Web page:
milk strike

A demand for more pay, less hours and a challenge to a bullying manager led to a walk-out of milk factory workers in Chippenham in 1913. Florence Hancock played a key part and went on to play a leading role in the trade union movement.

Work was hard at the Nestlé milk factories in Chippenham and Staverton. For 60 hours a week, the men shifted heavy churns and sacks of sugar while the women filled the tins, working under leaking vats. Fred Rogers, the manager at the Chippenham plant, was a notorious bully. He imposed strict conditions and workers feared his mood swings.

Florence HancockPay at Chippenham was poor and even below the sister factor at Staverton. A meeting was called by the Workers’ Union in Foghamshire. Julia Varley addressed the small gathering that included one woman – Florence Hancock (1893-1974). It was the start of a long relationship between the two women. Roland Cook and William Howell were elected as joint secretaries.alf ellery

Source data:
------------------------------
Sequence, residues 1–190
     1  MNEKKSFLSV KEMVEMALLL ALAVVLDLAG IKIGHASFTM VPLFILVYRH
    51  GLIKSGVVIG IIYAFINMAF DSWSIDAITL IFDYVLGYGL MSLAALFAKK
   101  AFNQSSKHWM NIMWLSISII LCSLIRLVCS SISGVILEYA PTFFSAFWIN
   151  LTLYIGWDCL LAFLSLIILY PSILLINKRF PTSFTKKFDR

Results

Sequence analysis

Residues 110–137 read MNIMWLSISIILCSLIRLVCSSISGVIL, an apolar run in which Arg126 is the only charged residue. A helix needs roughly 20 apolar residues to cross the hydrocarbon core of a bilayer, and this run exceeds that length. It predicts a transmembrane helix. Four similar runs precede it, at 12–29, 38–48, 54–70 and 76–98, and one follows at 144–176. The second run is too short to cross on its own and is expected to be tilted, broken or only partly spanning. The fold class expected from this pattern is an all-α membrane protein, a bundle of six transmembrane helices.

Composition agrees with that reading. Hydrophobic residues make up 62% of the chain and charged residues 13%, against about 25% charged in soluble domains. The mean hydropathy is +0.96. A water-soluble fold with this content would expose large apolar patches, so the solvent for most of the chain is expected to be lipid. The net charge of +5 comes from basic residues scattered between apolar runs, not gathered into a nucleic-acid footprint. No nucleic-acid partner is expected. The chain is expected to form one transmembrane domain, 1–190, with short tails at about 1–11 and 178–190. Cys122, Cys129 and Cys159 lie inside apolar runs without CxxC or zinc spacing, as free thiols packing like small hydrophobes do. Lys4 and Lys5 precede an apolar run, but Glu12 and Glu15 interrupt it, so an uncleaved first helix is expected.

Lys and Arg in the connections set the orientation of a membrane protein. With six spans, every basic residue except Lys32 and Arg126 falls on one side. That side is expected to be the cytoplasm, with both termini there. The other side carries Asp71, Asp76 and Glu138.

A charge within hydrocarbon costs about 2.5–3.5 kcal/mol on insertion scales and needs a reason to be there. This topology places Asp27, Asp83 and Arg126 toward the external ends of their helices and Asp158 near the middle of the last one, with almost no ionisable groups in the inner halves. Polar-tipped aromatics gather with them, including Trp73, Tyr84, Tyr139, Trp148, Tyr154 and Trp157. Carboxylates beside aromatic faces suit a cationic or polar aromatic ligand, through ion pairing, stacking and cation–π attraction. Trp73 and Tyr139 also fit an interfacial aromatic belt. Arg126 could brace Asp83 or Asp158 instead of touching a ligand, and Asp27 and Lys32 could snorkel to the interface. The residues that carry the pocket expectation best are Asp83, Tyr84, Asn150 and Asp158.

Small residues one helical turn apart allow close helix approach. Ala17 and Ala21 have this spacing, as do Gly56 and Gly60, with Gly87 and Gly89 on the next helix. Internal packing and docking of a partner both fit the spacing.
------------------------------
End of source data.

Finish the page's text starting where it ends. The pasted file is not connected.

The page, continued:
When Fred Rogers heard about the meeting he sacked the two men. Florence persuaded the women to strike alongside the men. Alf Ellery, the district organiser for the Workers’ Union spoke to an impromptu demonstration in the town and later at a crowded meeting in the Temperance Hall.

Alf Ellery

Having set out their demands the strikers marched to Staverton in an unsuccessful attempt to spread the strike.

Nestlé boasted that they were suppliers to the King so Alf Ellery wrote to the Comptroller of the King’s Household and got the union’s General Secretary, Charles Duncan MP to raise the matter in Parliament. The Co-op Union refused to handle the condensed milk until the strike was over.

The bad publicity worked and Nestlé ordered Fred Rogers to settle the dispute. Ten days into the strike the company conceded to almost all the demands.

Florence Hancock